The great George Martin, his contributions to the Beatles’ sound still highly underrated, has passed at the age of 90:
Martin had been dubbed “The Fifth Beatle” for his work with the legendary rock band. He signed the Beatles to EMI’s Parlophone record label in 1962 and went on to produce some of the most popular and influential albums of modern times — “Sgt. Pepper’s Lonely Hearts Club Band,” “Revolver,” “Rubber Soul,” “Abbey Road”. Along the way, Martin and the Beatles elevated rock LPs from ways to cash in on hit singles to art forms, “concepts.”
Martin later recalled meeting the quartet for the first time and realizing their potential, saying “I liked them as people apart from anything else, and I was convinced that we had the makings of a hit group.”
However, he was not convinced they had songwriting ability.
“As composers, they didn’t rate. They hadn’t shown me that they could write anything at all,” he once told the magazine Melody Maker. “‘Love Me Do’ I thought was pretty poor, but it was the best we could do.”
Martin both witnessed and enabled the extraordinary changes of the Beatles and of the 1960s. From a raw first album that took just a day to make, to the months-long production of “Sgt. Pepper,” the Beatles advanced by quantum steps as songwriters and sonic explorers, turning the studio into a wonderland of tape loops, multi-tracking, unpredictable tempos, unfathomable segues and kaleidoscopic montages.
“Once we got beyond the bubblegum stage, the early recordings, and they wanted to do something more adventurous, they were saying, `What can you give us?”‘ Martin told The Associated Press in 2002. “And I said, `I can give you anything you like.”‘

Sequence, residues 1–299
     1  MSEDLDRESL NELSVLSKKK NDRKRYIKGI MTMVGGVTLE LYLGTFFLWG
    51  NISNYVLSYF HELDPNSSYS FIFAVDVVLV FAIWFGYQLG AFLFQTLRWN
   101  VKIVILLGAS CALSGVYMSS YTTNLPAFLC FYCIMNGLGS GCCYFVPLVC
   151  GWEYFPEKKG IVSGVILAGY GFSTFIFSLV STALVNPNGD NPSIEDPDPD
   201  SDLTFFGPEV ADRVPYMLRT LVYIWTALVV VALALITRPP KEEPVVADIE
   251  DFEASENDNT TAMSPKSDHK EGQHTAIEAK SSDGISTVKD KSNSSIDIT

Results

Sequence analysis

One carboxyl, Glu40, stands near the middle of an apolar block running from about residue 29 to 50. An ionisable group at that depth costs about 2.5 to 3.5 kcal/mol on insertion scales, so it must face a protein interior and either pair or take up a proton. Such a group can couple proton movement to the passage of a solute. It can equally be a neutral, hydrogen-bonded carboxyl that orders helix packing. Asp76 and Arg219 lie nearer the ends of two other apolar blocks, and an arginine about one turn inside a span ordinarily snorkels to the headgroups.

Martin was endlessly called on to perform the impossible, and often succeeded, splicing recordings at different speeds for “Strawberry Fields Forever” or, for “Being for the Benefit of Mr. Kite,” simulating a calliope with keyboards, harmonica and a harmonium that the producer himself played with such intensity he passed out on the floor. Martin would have several good turns on the keyboards, performing a lively music hall solo on McCartney’s “Lovely Rita” and a speeded-up Baroque reverie on Lennon’s “In My Life.”
Paul McCartney has issued a statement, which reads in part:
I’m so sad to hear the news of the passing of dear George Martin. I have so many wonderful memories of this great man that will be with me forever. He was a true gentleman and like a second father to me. He guided the career of The Beatles with such skill and good humour that he became a true friend to me and my family. If anyone earned the title of the fifth Beatle it was George. From the day that he gave The Beatles our first recording contract, to the last time I saw him, he was the most generous, intelligent and musical person I’ve ever had the pleasure to know.
It’s hard to choose favourite memories of my time with George, there are so many but one that comes to mind was the time I brought the song ‘Yesterday’ to a recording session and the guys in the band suggested that I sang it solo and accompany myself on guitar. After I had done this George Martin said to me, “Paul I have an idea of putting a string quartet on the record”. I said, “Oh no George, we are a rock and roll band and I don’t think it’s a good idea”. With the gentle bedside manner of a great producer he said to me, “Let us try it and if it doesn’t work we won’t use it and we’ll go with your solo version”. I agreed to this and went round to his house the next day to work on the arrangement.
He took my chords that I showed him and spread the notes out across the piano, putting the cello in the low octave and the first violin in a high octave and gave me my first lesson in how strings were voiced for a quartet. When we recorded the string quartet at Abbey Road, it was so thrilling to know his idea was so correct that I went round telling people about it for weeks…